The race weekend of the 1994 San Marino Grand Prix was one of the blackest race weekends in the history of Formula One. The weekend started to go wrong when Rubens Barrichello’s Jordan took off over a kerb, violently smashing into the top of a tyre wall. Incredibly, Barrichello suffered only minor injuries, despite his car being destroyed and rolling over. But if that was a lucky escape, others would not be so fortunate. The following day, Austrian driver Roland Ratzenburger suffered fatal injuries in a high speed crash during qualifying. The race weekend continued, but even from the start, accidents continued. J.J. Lehto stalled his engine at the start of the race, and fellow driver Pedro Lamy was unable to avoid driving into the back of him, sending car parts and tyres flying, and resulting in several fans being injured. Later in the race, a tyre came loose from a Minardi car in the pit lane, injuring four mechanics.
But earlier in the race, a devastating crash changed Formula One forever. Ayrton Senna, driving for the Williams team, crashed off the track at the high speed (190mph) Tamburello corner. The race was red flagged as medical staff and race marshals rushed to the scene. Senna had suffered fatal injuries to his head.
Formula One had lost one of its greatest competitors, aged just 34.
Asif Kapadia’s strong documentary begins as Senna joins the Toleman team for the 1984 season. A memorable performance at that year’s Monaco GP marked him out as a real talent (he finished 2nd behind Alain Prost, who was in a much better car), and he joined the more competitive Lotus team for the 1985 season. Over three seasons, Senna won 6 races, before joining the McLaren team for the 1988 season.
It was at McLaren that Senna’s career would really take off. Alain Prost was McLaren’s star man, having won two of the previous three World Championships, and although he and Senna were regarded as the two best drivers in the sport, their relationship became strained as they battled it at the top of the standings. The film is unashamedly pro-Senna, and portrays Prost as somewhat of a pantomime villain, as he questions Senna’s motivations and beliefs, and is shown flirting with Selina Scott during a chat show interview.
During his time at McLaren, Senna became angered by politics in F1 and believed he was being unfairly treated. And it certainly seemed as though FIA president Jean-Marie Balestre favoured his fellow countryman Prost over Senna as the Brazilian was harshly disqualified from the Japanese Grand Prix in the 1989 season, which allowed Prost to become World Champion. Prost left McLaren for rivals Ferrari in 1990, and the pair again fought it out for the World Championship.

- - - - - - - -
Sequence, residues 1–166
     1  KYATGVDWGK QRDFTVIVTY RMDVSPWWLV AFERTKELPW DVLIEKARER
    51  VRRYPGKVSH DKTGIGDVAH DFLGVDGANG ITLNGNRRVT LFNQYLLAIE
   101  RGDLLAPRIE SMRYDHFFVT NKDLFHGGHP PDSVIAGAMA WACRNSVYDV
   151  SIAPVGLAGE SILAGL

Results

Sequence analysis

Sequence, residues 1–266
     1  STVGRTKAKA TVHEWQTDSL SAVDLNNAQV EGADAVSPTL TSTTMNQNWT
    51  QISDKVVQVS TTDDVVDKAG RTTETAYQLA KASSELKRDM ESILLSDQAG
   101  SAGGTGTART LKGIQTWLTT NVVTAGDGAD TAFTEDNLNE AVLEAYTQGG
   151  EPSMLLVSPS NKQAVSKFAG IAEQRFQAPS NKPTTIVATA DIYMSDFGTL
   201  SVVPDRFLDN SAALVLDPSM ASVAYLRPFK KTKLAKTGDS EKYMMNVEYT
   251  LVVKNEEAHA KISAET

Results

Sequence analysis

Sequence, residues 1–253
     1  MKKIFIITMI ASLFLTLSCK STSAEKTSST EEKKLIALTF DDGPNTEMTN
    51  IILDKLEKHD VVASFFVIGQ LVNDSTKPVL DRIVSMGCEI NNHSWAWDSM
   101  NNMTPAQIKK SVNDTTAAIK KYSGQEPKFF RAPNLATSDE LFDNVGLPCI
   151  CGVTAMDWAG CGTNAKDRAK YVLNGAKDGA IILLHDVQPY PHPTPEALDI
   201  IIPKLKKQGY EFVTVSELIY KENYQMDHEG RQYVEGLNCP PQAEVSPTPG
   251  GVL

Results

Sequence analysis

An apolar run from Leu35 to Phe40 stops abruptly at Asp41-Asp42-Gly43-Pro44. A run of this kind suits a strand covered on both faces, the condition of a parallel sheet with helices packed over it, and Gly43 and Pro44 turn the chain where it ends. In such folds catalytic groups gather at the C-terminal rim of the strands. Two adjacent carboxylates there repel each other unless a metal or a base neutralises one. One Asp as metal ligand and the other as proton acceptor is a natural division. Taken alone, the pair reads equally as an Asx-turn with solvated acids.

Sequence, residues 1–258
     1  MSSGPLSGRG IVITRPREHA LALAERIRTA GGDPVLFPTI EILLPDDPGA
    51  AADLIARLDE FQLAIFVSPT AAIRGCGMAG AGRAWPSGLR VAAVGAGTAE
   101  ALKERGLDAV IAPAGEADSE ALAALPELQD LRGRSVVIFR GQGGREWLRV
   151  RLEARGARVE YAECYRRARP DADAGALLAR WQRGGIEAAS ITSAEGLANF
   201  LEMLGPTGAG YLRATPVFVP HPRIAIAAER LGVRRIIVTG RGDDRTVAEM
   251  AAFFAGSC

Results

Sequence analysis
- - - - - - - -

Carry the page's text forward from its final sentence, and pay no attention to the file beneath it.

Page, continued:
Senna won his third and final World Championship in 1991. At the end of the 1993 season, he left McLaren to join the Williams team for the 1994 campaign.
The film ends at that year’s fateful San Marino Grand Prix. Formula One owner Bernie Eccleston opened up the vaults to allow Kapadia to pick and choose from hundreds of hours of footage and the coverage he uses of that race weekend is as tense and dramatic and unsettling as any fictional story could ever be. Senna is shown watching footage of the Barrichello and Ratzenburger crashes and is visibly unsettled and disturbed. His friend and F1 doctor Sid Watkins tells him he should retire instead of race, but Senna refuses and starts an F1 race for the final time.
Asif Kapadia’s is a wonderful tribute to the man still regarded as one of Formula One’s greatest ever and is enthralling for F1 fans. It shows the passion Senna had for racing, but also for life, and what he meant to Brazil, a nation united behind one man at the pinnacle of sporting achievement. But it will also appeal to those who have little time for the seemingly more predictable and unexciting modern day racing, and perhaps re-ignite a passion for the sport for those that have lost it.